Romney was not just a businessman. He was a management consultant and later a venture capitalist: in other words, one of the high priests of business who never had to soil their suits by running one. He surely knows and (one suspects) believes that free trade and outsourcing are good things for an economy.
But instead of a full-throated defense of these principles and his practice of them as advantages he would bring, as a businessman, to the presidency, he merely says that nothing he did was illegal. Even in 2012, we don't elect people president on the grounds that they did nothing illegal. I hope.
Obama decries Romney's practice of outsourcing as if he thinks that all outsourcing is wrong, even if it can't or shouldn't be made illegal. Obama proposes a heavy dinner of grants, subsidies and tax credits to discourage outsourcing and encourage "insourcing" -- bringing jobs from abroad back to the United States -- all of which are bad ideas. Among other reasons, one nation's insourcing is another nation's outsourcing, and retaliation can quickly lead to a trade war in which everybody loses.
Romney or Obama? "I don't want the next generation of manufacturing jobs taking root in countries like China or Germany." Early in the Republican primary campaign, China was the one subject Romney seemed genuinely agitated about. Imposing tariffs on Chinese goods was on the long list of things Romney said he was going to do on Day One of his presidency. Maybe he still is, but he doesn't play it up the way he used to.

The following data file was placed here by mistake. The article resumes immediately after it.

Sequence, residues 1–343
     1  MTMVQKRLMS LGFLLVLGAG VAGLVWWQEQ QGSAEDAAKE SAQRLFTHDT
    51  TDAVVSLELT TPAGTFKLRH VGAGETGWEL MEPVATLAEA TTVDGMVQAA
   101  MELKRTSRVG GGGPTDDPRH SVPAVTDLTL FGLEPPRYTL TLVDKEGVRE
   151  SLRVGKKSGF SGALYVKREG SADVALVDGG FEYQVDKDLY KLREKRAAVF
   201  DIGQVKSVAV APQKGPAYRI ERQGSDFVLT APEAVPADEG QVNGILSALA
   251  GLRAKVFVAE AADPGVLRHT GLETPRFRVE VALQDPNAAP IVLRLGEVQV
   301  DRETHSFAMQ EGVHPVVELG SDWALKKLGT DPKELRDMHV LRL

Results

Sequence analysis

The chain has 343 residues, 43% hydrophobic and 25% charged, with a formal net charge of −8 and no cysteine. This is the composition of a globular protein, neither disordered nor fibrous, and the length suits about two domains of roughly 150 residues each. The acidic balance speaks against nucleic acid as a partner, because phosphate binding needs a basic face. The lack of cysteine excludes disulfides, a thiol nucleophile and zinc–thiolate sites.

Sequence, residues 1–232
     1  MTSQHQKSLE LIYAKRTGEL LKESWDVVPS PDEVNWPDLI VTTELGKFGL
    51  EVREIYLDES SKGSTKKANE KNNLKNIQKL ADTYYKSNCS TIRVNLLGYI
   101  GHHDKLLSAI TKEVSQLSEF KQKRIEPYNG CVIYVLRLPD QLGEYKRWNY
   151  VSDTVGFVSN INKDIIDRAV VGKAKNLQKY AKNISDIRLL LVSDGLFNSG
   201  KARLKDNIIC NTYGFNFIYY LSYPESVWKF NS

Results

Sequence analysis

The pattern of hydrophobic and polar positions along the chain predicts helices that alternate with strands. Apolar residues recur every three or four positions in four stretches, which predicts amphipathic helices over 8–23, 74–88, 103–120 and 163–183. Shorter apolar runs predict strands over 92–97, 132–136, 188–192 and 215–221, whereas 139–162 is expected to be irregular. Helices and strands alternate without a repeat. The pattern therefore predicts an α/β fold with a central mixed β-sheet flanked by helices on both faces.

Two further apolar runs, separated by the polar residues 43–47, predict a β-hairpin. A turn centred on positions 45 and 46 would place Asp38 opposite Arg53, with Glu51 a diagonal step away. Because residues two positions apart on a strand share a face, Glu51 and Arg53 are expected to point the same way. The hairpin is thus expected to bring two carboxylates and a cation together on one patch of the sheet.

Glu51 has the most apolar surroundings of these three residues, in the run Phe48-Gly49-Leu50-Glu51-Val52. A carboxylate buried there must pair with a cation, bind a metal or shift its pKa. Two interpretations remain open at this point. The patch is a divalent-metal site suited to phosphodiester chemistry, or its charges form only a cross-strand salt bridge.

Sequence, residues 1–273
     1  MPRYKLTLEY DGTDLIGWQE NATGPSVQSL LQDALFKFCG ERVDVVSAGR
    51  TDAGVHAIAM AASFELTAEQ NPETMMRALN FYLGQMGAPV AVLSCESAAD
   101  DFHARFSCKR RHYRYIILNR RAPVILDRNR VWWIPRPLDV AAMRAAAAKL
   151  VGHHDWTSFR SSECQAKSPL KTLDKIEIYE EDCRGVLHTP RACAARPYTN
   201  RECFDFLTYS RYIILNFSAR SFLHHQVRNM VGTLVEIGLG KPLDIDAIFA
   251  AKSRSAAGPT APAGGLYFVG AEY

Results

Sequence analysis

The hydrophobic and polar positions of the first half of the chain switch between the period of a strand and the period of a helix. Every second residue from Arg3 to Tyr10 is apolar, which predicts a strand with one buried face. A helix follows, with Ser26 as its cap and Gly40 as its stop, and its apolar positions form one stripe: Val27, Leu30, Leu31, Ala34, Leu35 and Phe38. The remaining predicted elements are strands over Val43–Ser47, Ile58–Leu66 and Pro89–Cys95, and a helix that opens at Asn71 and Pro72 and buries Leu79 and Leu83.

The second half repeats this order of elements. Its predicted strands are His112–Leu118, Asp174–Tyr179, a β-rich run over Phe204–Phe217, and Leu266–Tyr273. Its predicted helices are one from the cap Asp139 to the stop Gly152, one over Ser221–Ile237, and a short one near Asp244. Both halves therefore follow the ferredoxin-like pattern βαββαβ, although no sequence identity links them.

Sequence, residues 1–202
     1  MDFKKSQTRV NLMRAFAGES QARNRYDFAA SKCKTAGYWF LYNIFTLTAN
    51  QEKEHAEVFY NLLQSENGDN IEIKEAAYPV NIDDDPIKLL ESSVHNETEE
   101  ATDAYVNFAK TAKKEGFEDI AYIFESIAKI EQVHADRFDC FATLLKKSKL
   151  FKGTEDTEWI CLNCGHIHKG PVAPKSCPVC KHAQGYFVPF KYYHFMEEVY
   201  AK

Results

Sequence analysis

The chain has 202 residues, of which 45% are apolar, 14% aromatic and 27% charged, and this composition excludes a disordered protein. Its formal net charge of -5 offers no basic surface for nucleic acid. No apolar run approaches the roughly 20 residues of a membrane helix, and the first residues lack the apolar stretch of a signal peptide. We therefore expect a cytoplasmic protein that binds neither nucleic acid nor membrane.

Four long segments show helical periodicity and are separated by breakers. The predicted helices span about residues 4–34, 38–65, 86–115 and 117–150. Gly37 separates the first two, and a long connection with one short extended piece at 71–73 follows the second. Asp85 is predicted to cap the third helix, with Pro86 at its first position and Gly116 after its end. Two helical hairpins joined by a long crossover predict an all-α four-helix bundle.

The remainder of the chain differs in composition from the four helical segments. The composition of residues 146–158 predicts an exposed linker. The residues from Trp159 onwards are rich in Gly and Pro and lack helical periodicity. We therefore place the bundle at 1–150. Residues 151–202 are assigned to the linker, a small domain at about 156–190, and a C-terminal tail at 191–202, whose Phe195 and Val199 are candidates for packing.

Meanwhile, if Romney is a free trader at heart, faking a bit of protectionism, Obama seems to be a protectionist at heart, faking a belief in free trade. That quote in the previous paragraph is from Obama, and shows a fundamental misunderstanding of how markets work. Trade is not a zero-sum game. There isn't a certain number of manufacturing jobs that will either go to China or Germany, or come to us. We want China and Germany to have lots of manufacturing jobs. The more they have, the richer they are, the better off we will be as well. Beggar-thy-neighbor policies don't work.
It's probably all just talk. Obama campaigns like a crusading populist, and then governs like a consensus-seeking moderate. This works well with an electorate that wants radical change as long as everything important -- e.g., monthly checks from the government -- stays the same. And Romney clearly cannot be counted on by proponents of any side of any question.
Michael Kinsley is a Bloomberg View columnist.